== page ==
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The Royal Mile

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The Old Town is unquestionably the most interesting quarter of Edinburgh. And the heart of Old Edinburgh is the long and spacious thoroughfare extending from the Castle to Holyrood. Familiarly known as the "Royal Mile," and in various sections called Lawnmarket, High Street, and Canongate, this ancient highway is saturated with history and romance.

Its tall, picturesque "lands" (i.e. tenements), the former mansions of the gentry; its narrow, dark wynds descending steeply to north and to south; its sculptured stones bearing mottoes which breathe the spirit of the old world - all this cannot fail to fascinate.

Starting from the broad plateau at the top of the Castle Hill, which leads to the fortress, the Esplanade, as it is called, was used for drilling the garrison of the Castle, and before that more disturbing scenes were enacted here - the beheading of traitors, real or supposed; the torturing of "heretics"; the burning of witches and wizards.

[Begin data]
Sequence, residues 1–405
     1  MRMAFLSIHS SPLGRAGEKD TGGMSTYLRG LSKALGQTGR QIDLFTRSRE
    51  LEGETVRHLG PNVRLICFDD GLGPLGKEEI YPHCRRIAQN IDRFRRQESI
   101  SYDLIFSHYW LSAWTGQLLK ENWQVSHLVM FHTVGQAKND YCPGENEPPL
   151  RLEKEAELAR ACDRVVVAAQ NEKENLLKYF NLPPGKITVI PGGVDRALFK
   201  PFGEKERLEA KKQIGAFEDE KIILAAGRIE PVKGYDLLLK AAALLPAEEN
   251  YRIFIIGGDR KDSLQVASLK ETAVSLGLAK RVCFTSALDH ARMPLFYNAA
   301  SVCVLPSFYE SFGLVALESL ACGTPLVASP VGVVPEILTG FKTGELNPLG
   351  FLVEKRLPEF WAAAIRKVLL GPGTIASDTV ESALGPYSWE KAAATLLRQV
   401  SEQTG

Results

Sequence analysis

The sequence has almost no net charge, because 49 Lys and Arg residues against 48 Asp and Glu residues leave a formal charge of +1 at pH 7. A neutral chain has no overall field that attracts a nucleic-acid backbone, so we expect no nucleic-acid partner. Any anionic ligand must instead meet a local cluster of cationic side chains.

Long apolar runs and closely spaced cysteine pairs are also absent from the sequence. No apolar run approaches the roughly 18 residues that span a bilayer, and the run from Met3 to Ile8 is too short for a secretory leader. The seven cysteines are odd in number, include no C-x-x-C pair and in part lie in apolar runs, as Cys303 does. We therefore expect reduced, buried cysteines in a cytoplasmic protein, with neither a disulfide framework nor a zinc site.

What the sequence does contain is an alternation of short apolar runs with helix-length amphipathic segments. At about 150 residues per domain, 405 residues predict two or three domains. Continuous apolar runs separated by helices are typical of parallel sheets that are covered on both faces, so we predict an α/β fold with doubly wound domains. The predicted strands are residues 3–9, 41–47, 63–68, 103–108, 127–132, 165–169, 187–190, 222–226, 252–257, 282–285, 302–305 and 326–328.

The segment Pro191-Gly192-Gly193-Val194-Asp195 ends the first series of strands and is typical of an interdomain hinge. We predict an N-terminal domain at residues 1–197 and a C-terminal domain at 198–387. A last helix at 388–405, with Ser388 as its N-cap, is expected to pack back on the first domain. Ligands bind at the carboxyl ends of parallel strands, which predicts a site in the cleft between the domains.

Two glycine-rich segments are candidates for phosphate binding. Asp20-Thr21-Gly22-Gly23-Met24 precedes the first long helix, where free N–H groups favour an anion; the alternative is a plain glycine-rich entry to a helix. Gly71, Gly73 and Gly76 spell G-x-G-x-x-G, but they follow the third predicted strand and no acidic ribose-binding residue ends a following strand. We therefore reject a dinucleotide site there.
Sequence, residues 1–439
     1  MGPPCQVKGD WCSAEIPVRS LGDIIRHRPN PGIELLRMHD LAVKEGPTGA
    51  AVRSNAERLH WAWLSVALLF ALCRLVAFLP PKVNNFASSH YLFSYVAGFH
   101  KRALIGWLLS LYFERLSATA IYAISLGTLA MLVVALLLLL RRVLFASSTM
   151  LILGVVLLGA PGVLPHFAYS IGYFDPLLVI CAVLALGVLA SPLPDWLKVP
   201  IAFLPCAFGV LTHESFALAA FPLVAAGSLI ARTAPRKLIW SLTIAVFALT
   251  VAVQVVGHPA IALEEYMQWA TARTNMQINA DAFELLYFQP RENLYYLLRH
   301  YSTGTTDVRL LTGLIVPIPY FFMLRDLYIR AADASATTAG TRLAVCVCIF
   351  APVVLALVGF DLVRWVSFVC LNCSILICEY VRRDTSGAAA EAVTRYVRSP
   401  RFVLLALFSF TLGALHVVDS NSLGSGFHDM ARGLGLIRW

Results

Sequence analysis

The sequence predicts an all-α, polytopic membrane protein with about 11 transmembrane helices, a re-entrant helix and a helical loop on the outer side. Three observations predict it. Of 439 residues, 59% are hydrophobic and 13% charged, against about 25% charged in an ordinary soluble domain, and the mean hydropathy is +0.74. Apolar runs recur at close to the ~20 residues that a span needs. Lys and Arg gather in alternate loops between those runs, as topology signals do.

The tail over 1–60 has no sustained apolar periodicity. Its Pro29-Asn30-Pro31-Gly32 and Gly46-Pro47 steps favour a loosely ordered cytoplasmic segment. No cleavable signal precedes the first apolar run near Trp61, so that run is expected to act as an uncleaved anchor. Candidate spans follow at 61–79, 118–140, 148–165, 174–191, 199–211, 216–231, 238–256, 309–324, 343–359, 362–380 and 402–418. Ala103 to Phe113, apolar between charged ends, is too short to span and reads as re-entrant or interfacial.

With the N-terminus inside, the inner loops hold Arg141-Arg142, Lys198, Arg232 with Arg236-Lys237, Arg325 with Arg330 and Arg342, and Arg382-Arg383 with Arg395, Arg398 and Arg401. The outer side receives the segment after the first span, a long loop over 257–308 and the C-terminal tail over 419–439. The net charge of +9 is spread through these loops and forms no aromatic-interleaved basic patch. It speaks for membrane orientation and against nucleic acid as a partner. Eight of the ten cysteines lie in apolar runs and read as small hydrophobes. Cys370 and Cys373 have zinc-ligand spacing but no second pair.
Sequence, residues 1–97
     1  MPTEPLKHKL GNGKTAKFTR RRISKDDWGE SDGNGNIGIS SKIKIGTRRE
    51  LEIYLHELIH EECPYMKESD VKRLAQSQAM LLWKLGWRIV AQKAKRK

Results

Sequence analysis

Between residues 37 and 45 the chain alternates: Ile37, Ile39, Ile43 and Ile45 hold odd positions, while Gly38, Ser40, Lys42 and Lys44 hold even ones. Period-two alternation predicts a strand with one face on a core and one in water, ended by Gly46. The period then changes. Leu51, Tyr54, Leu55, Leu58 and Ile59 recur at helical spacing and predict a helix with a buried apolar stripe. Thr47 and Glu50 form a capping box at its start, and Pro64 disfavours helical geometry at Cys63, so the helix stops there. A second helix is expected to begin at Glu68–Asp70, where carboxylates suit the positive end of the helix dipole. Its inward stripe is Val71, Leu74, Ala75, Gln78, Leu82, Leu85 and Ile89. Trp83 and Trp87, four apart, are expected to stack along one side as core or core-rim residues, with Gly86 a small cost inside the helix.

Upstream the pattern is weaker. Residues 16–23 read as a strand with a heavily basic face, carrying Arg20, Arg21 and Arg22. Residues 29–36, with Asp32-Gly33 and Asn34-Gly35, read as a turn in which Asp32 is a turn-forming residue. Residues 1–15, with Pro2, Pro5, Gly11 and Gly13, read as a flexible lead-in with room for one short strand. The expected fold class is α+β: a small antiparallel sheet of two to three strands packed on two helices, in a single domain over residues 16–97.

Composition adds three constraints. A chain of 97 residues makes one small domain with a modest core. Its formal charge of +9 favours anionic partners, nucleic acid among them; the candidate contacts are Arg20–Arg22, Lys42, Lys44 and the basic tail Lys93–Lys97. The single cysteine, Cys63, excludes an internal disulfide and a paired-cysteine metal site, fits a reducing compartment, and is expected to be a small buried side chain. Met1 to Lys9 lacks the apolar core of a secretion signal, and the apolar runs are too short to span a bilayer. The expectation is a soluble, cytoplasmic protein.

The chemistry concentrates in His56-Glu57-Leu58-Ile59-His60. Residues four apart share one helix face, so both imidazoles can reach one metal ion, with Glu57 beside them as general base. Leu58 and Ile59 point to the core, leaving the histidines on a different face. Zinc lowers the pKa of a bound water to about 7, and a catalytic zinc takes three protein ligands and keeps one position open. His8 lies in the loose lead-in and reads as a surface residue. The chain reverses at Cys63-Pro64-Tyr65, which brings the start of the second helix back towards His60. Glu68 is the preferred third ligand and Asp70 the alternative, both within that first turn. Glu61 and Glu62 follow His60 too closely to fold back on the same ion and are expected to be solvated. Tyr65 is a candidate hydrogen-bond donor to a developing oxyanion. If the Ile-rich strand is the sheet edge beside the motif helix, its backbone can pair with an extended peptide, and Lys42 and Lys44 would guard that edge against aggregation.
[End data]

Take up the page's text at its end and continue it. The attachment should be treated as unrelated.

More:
Strangest of all, this site was declared by royal mandate part of the soil of Nova Scotia, in order that Charles I. might make money by creating batches of "baronets of Nova Scotia."

The Royal Mile is the busiest street for tourists in the Old Town (Princes Street being the busiest in the New Town). It has an eclectic mix of shops and establishments including many restaurants, bars and tourist shops.

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